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Safeguarding against malformed HTML


mambabomba
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Hi,I'm working on a website that will include views for a product catalog as well as individual products.The products' descriptions will be entered by people with no knowledge of HTML and, as the test run we did shown, they will be riddled with errors - the most common of which are missing, misplaced or redundant closing tags.I wonder if there is a way to encapsulate the unsafe HTML other than with frames?

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maybe you should give them sort of BBC code editor like the one used in the forums, so that way then can input text, and then just choose the formatting they want with any of the given options/button, rather than forcing them to write their own HTML tags.

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HTML can't do anything, much less actually perform input validation. It's just a markup language. You're best off trying to fix it on the server-side, when the descriptions are submitted for storage.

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Rather than using a plain textarea, have you looked into using a WYSIWYG editor? TinyMCE is pretty good.Another alternative is to create a display area where the user's HTML shows up formatted text, rather than as a string of HTML text.Both require a touch of JavaScript, but not much.

Edited by Deirdre's Dad
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Thank you all for your help, seems like server-side cleanup it is.@Deirdre's DadWe are using a WYSIWYG editor, but it is rare for people to just type in the text and apply the formatting - usually they write in Word and copy from there, or copy existing HTML, or mix and match all three methods. And just to top it off add the HTML imported from clients and partners - much more of it and usually in much worse shape.@Synook Just to pick some nits, if HTML don't do nothin' then you could say the same of any other language - it is the interpreting program (or machine, or whatever) that does stuff. In HTML's case it's the browser, and as far as I know those things actually do fix the markup, or at least they try. What I was hoping for with my original question was a way to tell the browser that when it is doing the cleanup it should treat the specified portion of the document as a separate entity, fix its markup, and only then merge it with the rest of the document.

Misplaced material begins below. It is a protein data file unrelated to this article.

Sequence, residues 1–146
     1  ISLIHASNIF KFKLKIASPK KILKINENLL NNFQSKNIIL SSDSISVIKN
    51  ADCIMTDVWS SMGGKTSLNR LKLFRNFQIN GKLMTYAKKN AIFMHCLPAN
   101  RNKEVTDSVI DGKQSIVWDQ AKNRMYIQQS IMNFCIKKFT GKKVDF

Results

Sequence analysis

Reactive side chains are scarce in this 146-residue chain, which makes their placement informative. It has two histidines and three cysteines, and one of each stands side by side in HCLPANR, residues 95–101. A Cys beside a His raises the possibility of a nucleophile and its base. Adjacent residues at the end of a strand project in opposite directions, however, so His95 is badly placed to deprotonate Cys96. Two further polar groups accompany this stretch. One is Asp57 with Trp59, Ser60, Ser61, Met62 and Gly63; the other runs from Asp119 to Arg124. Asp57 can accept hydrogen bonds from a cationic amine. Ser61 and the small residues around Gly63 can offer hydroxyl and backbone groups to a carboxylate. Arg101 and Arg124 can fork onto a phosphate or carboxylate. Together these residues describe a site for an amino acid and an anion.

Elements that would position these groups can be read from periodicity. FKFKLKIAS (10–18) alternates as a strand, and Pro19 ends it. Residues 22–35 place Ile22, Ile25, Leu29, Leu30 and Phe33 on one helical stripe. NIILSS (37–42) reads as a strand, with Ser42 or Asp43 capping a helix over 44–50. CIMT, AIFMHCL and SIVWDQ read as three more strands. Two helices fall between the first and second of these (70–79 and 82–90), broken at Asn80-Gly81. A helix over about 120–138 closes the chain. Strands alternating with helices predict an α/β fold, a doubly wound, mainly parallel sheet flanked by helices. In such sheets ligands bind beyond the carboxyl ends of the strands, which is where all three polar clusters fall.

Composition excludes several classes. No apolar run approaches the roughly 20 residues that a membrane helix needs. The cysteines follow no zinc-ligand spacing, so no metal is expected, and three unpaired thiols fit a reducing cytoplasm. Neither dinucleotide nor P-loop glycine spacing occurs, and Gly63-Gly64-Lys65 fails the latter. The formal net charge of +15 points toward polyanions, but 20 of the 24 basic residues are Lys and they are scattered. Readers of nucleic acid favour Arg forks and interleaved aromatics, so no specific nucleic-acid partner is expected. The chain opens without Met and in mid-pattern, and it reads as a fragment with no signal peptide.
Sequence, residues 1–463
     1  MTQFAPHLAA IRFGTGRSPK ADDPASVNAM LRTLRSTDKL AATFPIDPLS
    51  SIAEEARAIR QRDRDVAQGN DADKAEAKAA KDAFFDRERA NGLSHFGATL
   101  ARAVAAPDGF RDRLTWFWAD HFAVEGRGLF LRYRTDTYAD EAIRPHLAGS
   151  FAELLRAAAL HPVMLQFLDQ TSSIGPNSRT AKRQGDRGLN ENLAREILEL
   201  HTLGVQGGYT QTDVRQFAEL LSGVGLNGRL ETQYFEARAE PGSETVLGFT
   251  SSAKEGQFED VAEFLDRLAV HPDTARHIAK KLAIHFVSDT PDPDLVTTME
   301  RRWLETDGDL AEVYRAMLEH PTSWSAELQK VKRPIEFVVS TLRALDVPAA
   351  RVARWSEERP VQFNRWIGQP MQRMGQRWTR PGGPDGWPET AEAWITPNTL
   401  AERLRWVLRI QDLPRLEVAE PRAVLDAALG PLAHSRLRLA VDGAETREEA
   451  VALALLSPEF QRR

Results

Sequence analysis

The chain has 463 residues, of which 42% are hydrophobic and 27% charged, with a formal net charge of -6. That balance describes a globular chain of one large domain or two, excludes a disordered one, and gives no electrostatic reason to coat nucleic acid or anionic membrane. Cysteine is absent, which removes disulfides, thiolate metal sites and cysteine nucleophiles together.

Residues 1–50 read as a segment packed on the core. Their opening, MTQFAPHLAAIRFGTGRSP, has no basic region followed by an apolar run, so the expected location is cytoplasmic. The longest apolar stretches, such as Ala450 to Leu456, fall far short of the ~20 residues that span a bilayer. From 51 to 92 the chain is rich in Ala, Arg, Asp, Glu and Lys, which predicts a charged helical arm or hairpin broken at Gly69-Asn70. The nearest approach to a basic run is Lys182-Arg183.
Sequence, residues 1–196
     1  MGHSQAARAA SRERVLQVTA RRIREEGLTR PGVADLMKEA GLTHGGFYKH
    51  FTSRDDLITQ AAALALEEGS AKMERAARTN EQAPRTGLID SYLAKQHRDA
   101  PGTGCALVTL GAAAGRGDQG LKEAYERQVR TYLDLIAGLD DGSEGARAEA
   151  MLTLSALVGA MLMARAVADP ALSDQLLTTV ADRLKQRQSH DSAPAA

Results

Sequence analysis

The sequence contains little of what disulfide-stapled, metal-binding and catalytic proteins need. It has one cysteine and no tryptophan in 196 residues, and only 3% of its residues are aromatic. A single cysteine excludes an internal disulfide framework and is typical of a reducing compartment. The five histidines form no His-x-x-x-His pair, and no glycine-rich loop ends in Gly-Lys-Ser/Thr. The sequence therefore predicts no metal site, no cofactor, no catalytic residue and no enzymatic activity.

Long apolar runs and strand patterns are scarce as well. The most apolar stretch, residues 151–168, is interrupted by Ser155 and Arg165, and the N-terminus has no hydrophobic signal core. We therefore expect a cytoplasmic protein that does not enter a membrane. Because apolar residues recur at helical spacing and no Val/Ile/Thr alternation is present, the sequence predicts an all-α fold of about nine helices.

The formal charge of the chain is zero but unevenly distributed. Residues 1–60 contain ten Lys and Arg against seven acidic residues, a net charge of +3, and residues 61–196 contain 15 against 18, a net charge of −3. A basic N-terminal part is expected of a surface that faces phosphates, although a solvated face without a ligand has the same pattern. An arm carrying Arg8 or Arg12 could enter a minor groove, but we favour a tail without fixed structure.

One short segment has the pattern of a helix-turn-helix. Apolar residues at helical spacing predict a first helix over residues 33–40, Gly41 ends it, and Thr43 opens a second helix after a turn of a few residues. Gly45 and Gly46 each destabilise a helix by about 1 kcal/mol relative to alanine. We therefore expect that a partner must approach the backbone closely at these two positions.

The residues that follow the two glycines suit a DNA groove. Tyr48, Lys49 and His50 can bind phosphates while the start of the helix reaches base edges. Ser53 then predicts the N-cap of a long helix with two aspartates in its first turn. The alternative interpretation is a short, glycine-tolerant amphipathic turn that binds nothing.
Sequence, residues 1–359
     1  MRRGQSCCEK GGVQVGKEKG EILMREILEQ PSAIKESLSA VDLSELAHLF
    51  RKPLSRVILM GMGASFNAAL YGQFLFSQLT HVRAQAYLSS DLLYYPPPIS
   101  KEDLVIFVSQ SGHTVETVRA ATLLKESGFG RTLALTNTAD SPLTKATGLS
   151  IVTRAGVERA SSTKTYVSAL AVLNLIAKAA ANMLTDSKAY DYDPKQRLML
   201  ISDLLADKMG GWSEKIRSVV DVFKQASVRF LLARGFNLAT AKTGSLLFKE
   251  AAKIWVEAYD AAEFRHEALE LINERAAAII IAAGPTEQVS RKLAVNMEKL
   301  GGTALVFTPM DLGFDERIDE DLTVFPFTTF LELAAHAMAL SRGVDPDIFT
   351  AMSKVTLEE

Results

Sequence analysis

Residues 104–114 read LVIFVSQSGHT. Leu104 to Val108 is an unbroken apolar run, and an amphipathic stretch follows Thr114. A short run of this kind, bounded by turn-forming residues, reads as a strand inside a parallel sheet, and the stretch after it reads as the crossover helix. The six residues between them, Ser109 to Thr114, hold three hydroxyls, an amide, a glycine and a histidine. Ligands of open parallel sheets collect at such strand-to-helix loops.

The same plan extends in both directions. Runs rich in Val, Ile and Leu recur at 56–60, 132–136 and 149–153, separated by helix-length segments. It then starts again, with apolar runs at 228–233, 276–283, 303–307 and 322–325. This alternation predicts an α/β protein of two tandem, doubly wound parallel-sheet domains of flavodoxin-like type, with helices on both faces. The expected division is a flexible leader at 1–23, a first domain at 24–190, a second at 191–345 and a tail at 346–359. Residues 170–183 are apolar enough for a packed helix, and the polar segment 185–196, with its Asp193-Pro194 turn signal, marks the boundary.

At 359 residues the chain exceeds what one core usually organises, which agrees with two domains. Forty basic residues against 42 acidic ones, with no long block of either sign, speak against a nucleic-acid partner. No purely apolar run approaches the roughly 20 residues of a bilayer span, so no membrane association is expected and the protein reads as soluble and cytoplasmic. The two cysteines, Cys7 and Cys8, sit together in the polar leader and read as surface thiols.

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Thank you all for your help, seems like server-side cleanup it is.@Deirdre's DadWe are using a WYSIWYG editor, but it is rare for people to just type in the text and apply the formatting - usually they write in Word and copy from there, or copy existing HTML, or mix and match all three methods. And just to top it off add the HTML imported from clients and partners - much more of it and usually in much worse shape.@Synook Just to pick some nits, if HTML don't do nothin' then you could say the same of any other language - it is the interpreting program (or machine, or whatever) that does stuff. In HTML's case it's the browser, and as far as I know those things actually do fix the markup, or at least they try. What I was hoping for with my original question was a way to tell the browser that when it is doing the cleanup it should treat the specified portion of the document as a separate entity, fix its markup, and only then merge it with the rest of the document.
HTML doesn't do anything. It can't manipulate information in any way. HTML is just a language that tells the browser how to display the information.
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The point I was trying to make is that HTML isn't a programming language, you can't perform computational tasks (such as validation) using it. Actual programming languages (at least imperative ones) describe processes that can be executed by a computer, but HTML just describes content. Sorry if I came across as facetious - I was just trying to highlight the functional difference between markup and programming languages, and the expectations you should have for both types.

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